Question — when was the last time you gave some thought to accessibility when building out your website?  


Now as a follow up — when was the last time you thought about this in relation to SEO optimizations for your website? Many of us are becoming familiar with the idea of alt text, captions, and well-contrasted colors, but accessibility can also play an essential role in search engine performance. When accessibility becomes a regular part of your SEO improvements, everyone wins. 


What is Accessibility (and What Does it Look Like in SEO?)

Accessibility refers to the process of making something available or obtainable for anyone, regardless of ability. You’ll often hear this term used in reference to those with disabilities that prevent them from fully being able to utilize something in the same way as someone else. They may be hearing or visually impaired or experience a learning difference that prevents them from understanding information or going about every day tasks in the same way.


In the real world, this could look like installing elevators or ramps, incorporating Braille or raised signage, or push plate handles and automatic doors. The same ideas apply on the internet, it just manifests in a different way. We should be conscious of design elements and consistency to ensure those with disabilities are able to browse and surf without an issue.  


With the way internet works, it’s no wonder that SEO has also become a component that ties into accessibility. While the relationship is evolving and will continue to grow as we innovate, at the very least we have an understanding that inclusive accessibility measures are becoming increasingly important for SEO.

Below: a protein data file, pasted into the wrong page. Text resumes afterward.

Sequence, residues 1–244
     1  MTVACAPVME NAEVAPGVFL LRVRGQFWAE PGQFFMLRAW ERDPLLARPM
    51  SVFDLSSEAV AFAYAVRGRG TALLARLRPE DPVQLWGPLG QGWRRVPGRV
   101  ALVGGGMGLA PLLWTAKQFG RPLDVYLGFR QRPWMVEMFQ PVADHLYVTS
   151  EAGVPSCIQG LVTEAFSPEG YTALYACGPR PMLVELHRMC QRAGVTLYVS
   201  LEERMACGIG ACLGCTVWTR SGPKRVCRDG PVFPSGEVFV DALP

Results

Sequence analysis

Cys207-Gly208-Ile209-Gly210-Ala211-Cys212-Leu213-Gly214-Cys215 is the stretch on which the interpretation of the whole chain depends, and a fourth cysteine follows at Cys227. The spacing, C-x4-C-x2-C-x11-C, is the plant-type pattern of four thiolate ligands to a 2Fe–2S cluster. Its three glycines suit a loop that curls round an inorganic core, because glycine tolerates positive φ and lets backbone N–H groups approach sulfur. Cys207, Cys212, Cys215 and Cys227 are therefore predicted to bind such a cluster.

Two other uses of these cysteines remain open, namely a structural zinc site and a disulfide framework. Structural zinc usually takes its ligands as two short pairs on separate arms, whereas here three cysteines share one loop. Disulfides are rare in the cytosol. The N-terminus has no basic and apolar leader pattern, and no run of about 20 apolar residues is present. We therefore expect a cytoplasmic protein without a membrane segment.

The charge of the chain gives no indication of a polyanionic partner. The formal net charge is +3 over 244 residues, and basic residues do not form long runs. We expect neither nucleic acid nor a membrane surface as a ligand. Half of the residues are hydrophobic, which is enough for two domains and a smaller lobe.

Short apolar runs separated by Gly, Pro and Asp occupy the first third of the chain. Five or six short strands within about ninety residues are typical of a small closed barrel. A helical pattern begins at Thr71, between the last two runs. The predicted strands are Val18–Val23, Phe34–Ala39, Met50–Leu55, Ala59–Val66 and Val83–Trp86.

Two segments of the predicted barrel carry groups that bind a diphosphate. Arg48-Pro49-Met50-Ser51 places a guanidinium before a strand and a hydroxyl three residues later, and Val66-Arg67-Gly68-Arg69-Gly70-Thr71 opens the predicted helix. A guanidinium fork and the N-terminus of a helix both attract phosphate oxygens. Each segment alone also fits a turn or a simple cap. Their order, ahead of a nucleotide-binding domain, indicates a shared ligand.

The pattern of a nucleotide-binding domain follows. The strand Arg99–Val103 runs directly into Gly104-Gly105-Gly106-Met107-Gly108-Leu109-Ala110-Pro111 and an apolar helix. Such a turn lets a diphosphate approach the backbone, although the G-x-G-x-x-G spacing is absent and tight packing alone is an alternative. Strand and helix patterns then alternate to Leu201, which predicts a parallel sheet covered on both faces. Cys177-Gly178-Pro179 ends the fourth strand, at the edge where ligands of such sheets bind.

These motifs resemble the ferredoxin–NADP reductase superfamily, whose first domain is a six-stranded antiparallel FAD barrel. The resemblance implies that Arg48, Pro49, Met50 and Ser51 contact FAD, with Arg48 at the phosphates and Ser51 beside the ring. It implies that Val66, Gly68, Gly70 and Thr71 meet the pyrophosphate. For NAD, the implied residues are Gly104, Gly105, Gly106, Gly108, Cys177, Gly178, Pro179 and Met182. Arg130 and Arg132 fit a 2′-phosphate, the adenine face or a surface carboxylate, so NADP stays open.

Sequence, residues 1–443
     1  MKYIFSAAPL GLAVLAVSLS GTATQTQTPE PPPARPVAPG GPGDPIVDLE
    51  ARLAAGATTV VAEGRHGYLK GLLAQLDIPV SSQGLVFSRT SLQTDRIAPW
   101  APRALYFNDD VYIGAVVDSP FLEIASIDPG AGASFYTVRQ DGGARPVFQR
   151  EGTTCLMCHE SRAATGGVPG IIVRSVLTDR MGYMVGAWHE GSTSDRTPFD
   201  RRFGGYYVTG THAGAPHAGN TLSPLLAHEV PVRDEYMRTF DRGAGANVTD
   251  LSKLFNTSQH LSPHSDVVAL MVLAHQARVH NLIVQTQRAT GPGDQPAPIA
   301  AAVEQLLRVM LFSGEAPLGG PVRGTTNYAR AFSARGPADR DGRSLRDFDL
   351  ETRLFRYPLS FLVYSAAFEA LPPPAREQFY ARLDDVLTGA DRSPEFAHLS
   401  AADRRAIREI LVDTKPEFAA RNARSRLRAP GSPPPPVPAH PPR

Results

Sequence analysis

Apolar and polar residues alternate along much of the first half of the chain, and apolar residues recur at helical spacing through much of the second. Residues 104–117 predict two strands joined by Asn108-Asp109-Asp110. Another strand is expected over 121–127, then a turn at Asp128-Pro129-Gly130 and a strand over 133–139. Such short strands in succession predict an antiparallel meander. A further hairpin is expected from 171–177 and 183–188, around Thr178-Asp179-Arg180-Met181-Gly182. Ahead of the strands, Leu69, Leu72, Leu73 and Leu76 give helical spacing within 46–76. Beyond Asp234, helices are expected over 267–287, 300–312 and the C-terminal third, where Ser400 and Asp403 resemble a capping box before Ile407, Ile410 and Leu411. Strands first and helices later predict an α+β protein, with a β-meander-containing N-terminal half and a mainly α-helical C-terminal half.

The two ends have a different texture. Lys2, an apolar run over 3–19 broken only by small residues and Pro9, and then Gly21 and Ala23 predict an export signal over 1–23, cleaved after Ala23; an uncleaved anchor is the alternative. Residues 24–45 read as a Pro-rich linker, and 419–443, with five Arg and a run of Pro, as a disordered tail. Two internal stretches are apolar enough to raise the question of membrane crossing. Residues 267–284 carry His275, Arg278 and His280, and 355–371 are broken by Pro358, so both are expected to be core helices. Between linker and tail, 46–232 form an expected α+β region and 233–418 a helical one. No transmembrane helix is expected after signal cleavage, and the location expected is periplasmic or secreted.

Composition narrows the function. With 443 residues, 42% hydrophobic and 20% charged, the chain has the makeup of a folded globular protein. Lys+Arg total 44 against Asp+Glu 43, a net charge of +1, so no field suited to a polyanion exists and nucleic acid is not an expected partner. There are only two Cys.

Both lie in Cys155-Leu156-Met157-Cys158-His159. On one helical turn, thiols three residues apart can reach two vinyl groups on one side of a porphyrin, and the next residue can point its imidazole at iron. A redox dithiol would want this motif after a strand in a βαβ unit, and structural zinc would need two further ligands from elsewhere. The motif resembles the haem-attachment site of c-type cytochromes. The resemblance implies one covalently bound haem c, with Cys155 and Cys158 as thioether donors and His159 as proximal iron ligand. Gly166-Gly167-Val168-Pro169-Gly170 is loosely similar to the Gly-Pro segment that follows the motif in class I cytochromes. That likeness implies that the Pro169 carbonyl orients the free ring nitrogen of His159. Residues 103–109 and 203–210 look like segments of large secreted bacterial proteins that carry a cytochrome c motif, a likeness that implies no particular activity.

Consider your metadata, anchor texts, or tags. All this goes into improving the quality and visibility of your site. If you do it right, those using assistive technology will also be able to scroll through results and gain an accurate understanding of what you offer. Better (and more accessible!) user experiences will end up impacting your overall search engine rankings. 


Why Web Accessibility Matters

Social media aside, websites are also a major source of information for internet users. This is how people read reviews, look up menus, explore ideas, engage in discussions, etc. Making sure that this incredible network of knowledge and connection is available for use for everyone should always be a top priority for all those involved.  


When websites are accessible, users are easily able to find what they need while also enjoying a seamless experience. There are a variety of situations where a user may benefit from the added consideration in SEO whether they live with auditory, cognitive, physical, neurological, or visual disabilities or are faced with temporary impairments like being stuck with slow internet, dealing with less-than-ideal work environments, or recovering from an injury.  


Brands that make accessibility a core mission of theirs will find that there are positive impacts all around whether it’s for those who are using the site or the company itself.  


Does Accessibility Affect SEO?

You may be by wondering how exactly SEO and accessibility are connected. It can be much easier to understand the impact that design or web development has on those who need accommodations. While SEO isn’t always mentioned, it is clearly there and optimizing these aspects of your site to be user-friendly will be obvious (not just to your audience, but also to search engines like Google that see value in measuring your site’s accessibility).